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Understanding Consent in Illinois Adoption Cases

Posted on in Family law

Winfield adoption lawyerAdoption is a long and complicated legal process that can test the patience and devotion of even the most dedicated of families. There are many loose ends that must be tied up before the adoption can be finalized, and one of those loose ends is gaining consent from all appropriate parties for the adoption. That means getting permission from the child’s birth parents or adoption agency and, in some circumstances, you might even need the child’s permission to adopt him or her. Getting consent from the child’s birth parents or adoption agency means that they are handing over all related rights and responsibilities concerning the child to the adoptive parents. 

Those Who Are Required to Give Consent

In Illinois, it is a requirement that the birth mother and the birth father--provided that paternity has been legally established--give their consent for the child to be adopted. In cases where the child is no longer in the care of his or her birth parents, consent must be given by:

  • The child’s legal guardian or guardian ad litem;
  • The adoption agency which has custody of the child;
  • A close relative of the child; or
  • A court which has jurisdiction over the child.

In cases that involve the adoption of a child who is at least 14 years old, the child must also give their consent to being adopted. If the child is in need of mental health treatment or has an intellectual disability, the court may waive the need for the child’s consent.

Giving and/or Revoking Consent

The Illinois Adoption Act states that mothers cannot consent to adoption less than 72 hours after the birth of their child, though a father can consent to adoption before or after the child’s birth. Both of the child’s birth parents must appear before a judge to confirm that they are relinquishing their parental rights. If the adoption is being facilitated by an agency, a representative of the agency can appear before the judge to give consent to the adoption.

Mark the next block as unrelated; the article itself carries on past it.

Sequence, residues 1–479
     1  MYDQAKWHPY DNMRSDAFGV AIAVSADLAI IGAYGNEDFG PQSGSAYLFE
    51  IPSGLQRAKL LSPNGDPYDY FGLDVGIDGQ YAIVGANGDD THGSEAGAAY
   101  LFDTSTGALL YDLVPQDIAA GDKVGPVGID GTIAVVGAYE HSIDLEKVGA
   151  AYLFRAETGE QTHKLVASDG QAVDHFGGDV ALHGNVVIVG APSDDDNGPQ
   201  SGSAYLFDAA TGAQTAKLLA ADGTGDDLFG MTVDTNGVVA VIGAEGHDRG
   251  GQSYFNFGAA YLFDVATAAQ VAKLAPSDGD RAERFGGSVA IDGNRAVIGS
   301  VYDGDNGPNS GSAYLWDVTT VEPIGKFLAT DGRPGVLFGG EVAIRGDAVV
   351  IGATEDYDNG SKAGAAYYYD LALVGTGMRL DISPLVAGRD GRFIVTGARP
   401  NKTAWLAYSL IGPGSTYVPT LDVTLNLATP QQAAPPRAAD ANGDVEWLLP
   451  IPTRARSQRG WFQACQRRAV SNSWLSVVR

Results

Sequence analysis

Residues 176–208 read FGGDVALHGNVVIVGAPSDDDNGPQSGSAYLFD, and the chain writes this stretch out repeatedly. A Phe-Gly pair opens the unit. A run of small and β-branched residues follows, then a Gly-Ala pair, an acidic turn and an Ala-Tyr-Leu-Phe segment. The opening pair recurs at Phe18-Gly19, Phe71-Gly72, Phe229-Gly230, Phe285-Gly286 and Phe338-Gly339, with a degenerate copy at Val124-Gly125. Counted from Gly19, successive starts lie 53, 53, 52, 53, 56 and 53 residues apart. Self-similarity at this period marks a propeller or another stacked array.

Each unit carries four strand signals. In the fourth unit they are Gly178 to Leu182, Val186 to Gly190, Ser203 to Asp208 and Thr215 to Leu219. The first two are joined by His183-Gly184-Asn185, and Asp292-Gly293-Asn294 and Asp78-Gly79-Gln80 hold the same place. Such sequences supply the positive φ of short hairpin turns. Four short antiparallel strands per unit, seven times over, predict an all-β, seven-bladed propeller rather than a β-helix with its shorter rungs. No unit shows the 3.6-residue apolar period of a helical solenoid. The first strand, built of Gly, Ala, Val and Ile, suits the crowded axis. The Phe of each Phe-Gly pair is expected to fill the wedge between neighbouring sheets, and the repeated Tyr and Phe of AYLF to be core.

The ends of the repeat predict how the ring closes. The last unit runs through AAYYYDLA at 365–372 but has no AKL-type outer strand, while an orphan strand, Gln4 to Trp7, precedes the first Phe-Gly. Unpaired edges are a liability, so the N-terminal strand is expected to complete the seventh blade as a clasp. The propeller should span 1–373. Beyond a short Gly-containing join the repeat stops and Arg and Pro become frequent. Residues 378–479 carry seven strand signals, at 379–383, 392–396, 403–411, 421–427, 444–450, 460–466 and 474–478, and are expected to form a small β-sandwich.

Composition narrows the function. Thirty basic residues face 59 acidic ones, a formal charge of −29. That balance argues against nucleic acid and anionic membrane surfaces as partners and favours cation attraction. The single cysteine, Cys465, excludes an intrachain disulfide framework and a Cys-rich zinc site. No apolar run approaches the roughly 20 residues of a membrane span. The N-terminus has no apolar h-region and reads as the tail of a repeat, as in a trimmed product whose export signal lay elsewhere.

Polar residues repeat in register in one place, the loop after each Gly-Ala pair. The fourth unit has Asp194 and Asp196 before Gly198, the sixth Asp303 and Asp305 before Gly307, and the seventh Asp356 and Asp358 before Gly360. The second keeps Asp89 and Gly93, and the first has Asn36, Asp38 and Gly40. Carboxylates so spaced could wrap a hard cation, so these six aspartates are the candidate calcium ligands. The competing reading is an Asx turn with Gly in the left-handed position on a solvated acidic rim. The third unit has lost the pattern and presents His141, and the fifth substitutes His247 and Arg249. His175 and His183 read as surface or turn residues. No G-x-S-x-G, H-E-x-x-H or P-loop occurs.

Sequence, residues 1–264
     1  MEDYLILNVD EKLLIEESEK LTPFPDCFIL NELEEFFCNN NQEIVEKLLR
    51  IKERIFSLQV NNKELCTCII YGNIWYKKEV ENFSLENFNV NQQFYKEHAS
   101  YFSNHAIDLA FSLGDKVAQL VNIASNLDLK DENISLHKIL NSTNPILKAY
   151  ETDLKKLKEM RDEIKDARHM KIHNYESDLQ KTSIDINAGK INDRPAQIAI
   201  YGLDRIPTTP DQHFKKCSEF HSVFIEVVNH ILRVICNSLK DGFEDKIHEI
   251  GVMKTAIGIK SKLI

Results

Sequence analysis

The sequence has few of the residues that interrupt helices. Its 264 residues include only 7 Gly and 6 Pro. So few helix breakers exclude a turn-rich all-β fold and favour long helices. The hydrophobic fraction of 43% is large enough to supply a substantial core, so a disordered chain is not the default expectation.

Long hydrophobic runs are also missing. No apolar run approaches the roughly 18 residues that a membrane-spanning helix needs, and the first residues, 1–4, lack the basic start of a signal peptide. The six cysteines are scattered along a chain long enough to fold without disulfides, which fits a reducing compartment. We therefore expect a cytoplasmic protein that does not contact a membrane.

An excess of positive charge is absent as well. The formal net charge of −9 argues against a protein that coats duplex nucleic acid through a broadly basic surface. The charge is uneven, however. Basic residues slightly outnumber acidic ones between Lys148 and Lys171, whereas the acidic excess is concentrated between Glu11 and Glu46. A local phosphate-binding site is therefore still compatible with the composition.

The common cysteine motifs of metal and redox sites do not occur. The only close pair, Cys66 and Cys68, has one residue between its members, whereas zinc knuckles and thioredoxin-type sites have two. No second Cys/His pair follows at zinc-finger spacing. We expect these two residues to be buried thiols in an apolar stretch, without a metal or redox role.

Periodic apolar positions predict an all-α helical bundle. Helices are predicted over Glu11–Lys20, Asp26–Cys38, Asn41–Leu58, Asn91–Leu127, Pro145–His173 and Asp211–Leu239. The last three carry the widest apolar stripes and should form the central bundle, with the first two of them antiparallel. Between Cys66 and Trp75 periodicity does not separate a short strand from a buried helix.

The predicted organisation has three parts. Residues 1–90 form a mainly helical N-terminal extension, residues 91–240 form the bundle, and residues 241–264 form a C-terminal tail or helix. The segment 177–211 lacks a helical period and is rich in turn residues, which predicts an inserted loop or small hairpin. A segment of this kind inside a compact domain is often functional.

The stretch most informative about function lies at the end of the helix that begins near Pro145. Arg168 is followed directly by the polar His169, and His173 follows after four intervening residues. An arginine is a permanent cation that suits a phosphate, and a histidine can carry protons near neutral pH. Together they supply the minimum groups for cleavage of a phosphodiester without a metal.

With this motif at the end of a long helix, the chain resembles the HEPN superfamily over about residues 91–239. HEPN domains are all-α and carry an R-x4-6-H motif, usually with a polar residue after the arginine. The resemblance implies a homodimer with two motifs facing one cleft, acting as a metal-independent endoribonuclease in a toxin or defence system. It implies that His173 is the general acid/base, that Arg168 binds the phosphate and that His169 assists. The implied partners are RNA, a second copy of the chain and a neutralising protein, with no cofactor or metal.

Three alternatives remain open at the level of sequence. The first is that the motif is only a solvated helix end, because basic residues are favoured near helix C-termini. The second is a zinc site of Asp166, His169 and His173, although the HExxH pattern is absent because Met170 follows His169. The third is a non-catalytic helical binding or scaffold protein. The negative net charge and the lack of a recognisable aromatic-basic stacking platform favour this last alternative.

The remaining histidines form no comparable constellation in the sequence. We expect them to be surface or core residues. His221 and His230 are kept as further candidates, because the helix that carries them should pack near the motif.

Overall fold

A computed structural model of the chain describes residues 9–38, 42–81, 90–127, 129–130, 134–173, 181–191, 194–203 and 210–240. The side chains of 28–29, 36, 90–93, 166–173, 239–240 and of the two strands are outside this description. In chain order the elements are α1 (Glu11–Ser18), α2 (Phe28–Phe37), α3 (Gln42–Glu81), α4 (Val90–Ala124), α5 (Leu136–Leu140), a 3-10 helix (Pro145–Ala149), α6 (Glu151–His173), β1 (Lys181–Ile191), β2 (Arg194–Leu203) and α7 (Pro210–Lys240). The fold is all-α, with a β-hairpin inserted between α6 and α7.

Once a birth parent has given their consent to the adoption and has relinquished their parental rights, the decision is final and cannot be reversed unless the consent was obtained by fraud or duress. If a person decides to petition against the consent, they must do so within 12 months of the date the consent was given. In cases where the father of a child gave consent before the child was born, he can revoke consent within 72 hours of the child’s birth.

Contact a Compassionate DuPage County Adoption Attorney

If you have been thinking about adding to your family through adoption, you have probably been doing a little bit of research, and you may have discovered how complex the process can be. Completing the legal requirements for adoption can be trying, but it can be made easier with the help of an experienced Warrenville adoption lawyer. The Law Offices of Nancy Kasko, LLC can provide skilled legal guidance and representation throughout the adoption process, helping your family reach a positive outcome. To schedule a free consultation, contact our office by calling 630-836-8540. 

Sources:

https://www.childwelfare.gov/pubpdfs/consent.pdf

http://www.ilga.gov/legislation/ilcs/ilcs3.asp?ActID=2098&ChapterID=59

DuPage County Bar Association Kane County Bar Association Illinois State Bar Association Chicago Bar Association DuPage Association of Women Lawyers
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